At local levels, some farmers are resolving the problem by moving to alternative feeds made from traditional and more nutritious crops, such as amaranth, millet and sorghum, and even to worms as chicken feed. That change is cutting their feed costs by up to 40 per cent.
Meanwhile, researchers are looking at nonconventional sources, such as pigeon peas, leaf meals, and agricultural by-products for protein supplements. Recent research found bulrush millet to be a good replacement for maize due to its higher protein content, which could be improved further with lysine supplementation.
The research also found raw pigeon peas were a suitable source of protein at levels up to 15 per cent in chicken feed rations.
Bulrush millet and pigeon peas combined were able to replace up to 40 per cent of the conventional energy and protein sources in poultry feedstuffs, concluded the research.
Bulrush millet, which withstands hot temperatures, is a common livestock feed among poultry farmers in the semi-arid Mbooni area of Ukambani, with farmers reporting big savings through these feeds, which they only grind manually to feed to their chickens.
The same farmers are also using cassava as an alternative poultry feed. They first dry it to rid it of cyanide, which would otherwise poison the poultry.
But the shift is being championed by Bridgenet, an NGO assisting farmers in poultry keeping, which has borrowed the model from European countries like Holland and UK, which import cassava from South East Asia for poultry and pig feeds.
“It is possible to change all this cry about expensive chicken feed. If you look around and see for example how much cassava is rotting in the farms due to oversupply. That cassava has been proven to be nutritious feed for chicken, and is readily available,” said Dorothy Mwende, a programme officer with Bridgenet.
Nor do the alternatives end there. Mary Gikuni, an agroproneur from Limuru ventured into farming fodder shrubs that have been known to increase milk production in cattle by 20 per cent. But she later learnt from scientists that the same fodder shrubs, known as Caliandra, are very effective in feeding chicken once they are cut into small quantities and even mixed with feeds that may be low in protein.
The shrubs – which are easy to grow and mature in about 12 months after which they can be regularly pruned and fed to livestock for up to 20 years - have been shown to harden the shells of the egg and improve the quality of the egg yolk.
Mrs Gikuni, who was previously recording losses on the back of the rising cost of chicken feed, was told about the fodder shrubs by a fellow farmer. Within one year she managed to harvest her first leaves, which she mixed with feeds of lower quality, with the fodder shrubs providing the Caliandra seedlings, Mrs Gikuni now earns Sh6,000 to Sh10,000 a month after expenses. She is among the few suppliers of chicken products in schools and hotels in the Limuru area. “I always tell my customers to compare my eggs with those of chicken that has been fed on commercial feeds. The difference is glaring. The egg shell is harder and the egg york more yellow,” she said.
However experts warn that farmers should take care in the kind of feed they give their poultry and should discuss changes with the veterinary officers or experts in feeds, because some of the alternative feeds might be poisonous or might affect the quality of the end product.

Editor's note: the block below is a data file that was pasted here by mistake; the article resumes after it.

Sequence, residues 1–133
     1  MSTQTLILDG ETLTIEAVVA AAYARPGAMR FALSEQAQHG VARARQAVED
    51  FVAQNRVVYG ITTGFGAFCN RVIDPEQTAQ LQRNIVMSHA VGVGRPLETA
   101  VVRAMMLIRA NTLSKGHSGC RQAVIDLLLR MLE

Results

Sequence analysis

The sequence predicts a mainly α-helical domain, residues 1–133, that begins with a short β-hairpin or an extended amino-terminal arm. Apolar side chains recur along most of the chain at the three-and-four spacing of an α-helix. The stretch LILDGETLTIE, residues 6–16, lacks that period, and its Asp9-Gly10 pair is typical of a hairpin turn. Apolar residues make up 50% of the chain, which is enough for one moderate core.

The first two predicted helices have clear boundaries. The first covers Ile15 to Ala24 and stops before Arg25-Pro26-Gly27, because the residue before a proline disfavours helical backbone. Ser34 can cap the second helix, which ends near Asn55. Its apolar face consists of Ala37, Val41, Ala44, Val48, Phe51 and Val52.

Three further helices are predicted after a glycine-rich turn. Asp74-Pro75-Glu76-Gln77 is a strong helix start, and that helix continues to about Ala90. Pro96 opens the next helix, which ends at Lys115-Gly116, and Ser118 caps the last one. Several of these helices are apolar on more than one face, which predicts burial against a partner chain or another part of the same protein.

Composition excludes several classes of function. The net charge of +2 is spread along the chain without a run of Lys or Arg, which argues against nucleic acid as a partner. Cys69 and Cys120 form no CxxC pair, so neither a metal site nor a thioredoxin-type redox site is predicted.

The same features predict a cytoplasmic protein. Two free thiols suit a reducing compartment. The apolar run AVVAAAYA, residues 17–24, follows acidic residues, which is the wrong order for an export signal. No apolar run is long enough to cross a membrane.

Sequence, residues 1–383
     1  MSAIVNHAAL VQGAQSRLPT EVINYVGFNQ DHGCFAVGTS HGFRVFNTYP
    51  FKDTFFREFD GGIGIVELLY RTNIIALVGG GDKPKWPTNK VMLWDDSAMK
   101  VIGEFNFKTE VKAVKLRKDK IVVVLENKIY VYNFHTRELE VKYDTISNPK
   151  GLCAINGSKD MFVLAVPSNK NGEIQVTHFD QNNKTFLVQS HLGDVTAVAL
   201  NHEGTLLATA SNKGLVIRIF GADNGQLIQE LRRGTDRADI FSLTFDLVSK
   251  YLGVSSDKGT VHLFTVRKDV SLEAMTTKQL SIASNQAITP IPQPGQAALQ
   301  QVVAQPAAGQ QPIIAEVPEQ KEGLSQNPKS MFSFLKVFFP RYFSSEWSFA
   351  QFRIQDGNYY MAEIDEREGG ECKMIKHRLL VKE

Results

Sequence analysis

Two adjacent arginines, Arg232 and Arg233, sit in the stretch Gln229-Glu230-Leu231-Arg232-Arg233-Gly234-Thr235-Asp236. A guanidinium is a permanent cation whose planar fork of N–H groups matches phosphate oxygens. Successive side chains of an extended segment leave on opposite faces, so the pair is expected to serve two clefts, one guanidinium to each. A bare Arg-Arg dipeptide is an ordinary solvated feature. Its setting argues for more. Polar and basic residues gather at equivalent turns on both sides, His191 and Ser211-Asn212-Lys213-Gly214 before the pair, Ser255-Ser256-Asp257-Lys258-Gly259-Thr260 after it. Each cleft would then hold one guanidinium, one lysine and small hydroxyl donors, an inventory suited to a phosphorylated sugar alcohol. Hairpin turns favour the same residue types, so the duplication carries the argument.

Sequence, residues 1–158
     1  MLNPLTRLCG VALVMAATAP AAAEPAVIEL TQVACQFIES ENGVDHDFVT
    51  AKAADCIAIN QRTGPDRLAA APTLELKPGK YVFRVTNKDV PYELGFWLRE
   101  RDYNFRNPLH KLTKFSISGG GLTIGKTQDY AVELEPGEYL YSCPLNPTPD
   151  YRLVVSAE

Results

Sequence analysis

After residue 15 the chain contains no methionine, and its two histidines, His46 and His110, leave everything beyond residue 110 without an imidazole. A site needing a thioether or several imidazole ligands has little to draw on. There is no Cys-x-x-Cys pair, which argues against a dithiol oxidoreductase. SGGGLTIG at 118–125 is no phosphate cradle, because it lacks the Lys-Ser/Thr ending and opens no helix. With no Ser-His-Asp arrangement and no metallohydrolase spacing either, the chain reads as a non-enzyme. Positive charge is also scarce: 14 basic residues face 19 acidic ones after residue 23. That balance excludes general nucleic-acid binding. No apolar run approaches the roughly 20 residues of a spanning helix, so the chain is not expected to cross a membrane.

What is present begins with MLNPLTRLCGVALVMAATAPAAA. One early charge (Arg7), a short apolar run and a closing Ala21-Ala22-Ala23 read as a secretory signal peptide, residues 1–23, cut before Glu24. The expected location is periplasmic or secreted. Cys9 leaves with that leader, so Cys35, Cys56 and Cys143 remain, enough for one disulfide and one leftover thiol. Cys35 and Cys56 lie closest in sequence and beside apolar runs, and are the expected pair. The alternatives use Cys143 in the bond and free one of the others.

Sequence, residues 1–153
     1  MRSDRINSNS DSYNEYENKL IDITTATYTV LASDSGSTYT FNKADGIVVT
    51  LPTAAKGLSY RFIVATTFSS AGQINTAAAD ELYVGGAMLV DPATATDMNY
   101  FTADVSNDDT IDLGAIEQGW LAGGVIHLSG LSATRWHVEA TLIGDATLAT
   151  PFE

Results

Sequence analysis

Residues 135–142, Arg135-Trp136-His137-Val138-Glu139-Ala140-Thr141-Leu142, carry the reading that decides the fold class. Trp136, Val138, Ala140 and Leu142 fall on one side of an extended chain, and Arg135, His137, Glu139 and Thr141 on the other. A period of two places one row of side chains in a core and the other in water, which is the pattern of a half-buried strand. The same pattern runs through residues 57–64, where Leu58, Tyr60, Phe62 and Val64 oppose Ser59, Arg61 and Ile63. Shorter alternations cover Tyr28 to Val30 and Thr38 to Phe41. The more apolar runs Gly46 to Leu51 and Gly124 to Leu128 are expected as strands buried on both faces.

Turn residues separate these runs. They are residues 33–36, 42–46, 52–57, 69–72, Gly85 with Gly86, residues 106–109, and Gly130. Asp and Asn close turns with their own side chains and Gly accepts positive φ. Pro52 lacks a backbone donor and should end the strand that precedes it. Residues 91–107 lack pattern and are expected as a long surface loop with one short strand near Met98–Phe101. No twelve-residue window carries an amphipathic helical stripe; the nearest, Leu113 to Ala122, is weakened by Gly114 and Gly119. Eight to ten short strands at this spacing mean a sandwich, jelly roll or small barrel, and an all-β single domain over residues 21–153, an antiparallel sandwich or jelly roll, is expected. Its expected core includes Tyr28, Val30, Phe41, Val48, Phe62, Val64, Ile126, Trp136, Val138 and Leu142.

Written by Bob Koigi for African Laughter
He came up with the Candler concept after realizing the challenges in his own poultry farming in selecting which types of eggs to put into the incubator and which to leave out.
The Candler helps “assess the defects in an egg and check its progress, like nutrition,” said Kago. The Candler is rectangular in shape and slightly bigger than a brick and has a hole on one side designed to fit the pointed side of the egg.
Inside it is hollow but for a lighting fixture. To check the egg’s condition, the farmers places the egg’s pointed side in the hole and lights the Candler in a dark room. If the farmer notices the air sac in the less pointed side is sagging and big, then it’s a sign the egg has been left too long and has become dehydrated.
Thus it can’t be placed in an incubator to hatch, as it has lost 15 per cent of the water in it. Ideally, according to Kago, to select an egg for hatching it must be fewer than 7 days old. “As the egg ages, the bigger the air space,” he said. Where the farmer sees two yolks in one egg, it is also unsuitable for incubation.
Kago also advises farmers to check the outward physical appearance of eggs and ensure that they are of uniform colour and size for that particular bird breed. Eggs with blotches, wrinkles, bumps or multiple
colours may not hatch if incubated, as it’s a sign of deficient nutrients in the hen that laid the eggs.
Besides checking the egg before it’s placed in the incubator, the Candler helps farmers to gauge the progress of eggs waiting to hatch in the incubator. Through it a farmer is able to isolate spoilt eggs
and forecast around how many hatchlings he is likely to get.
By checking the eggs progress, the farmer can also know which of his hens are laying fertile eggs, as well as knowing which cocks are old and inactive with the hens. That way, farmers can cull knowledgeably for slaughter or selling and retain their most productive chickens.
Kago advises poultry farmers that prior to checking the eggs in the incubator they wash their hands to avoid contaminating eggs. When an egg is progressing to hatch, the Candler shows a consistent
formation of a network of blood veins in from day 10 to day 18 a silhouette chick image is visible. “It’s the growth of an embryo,” said Kago.
From his base along Nairobi Nakuru highway at Gitaru, he sells a Candler with its own lighting system for Sh1000 and one without for Sh500. The one without a light sees farmers utilize an ordinary torch
to examine their eggs.
He says the demand for his Candlers is being propelled by the demand for new innovative egg incubators that he also invented and sells.The Candler can be used to examine eggs for ducks, turkeys and guinea fowls, as well as chickens.
Written By James Karuga for African Laughter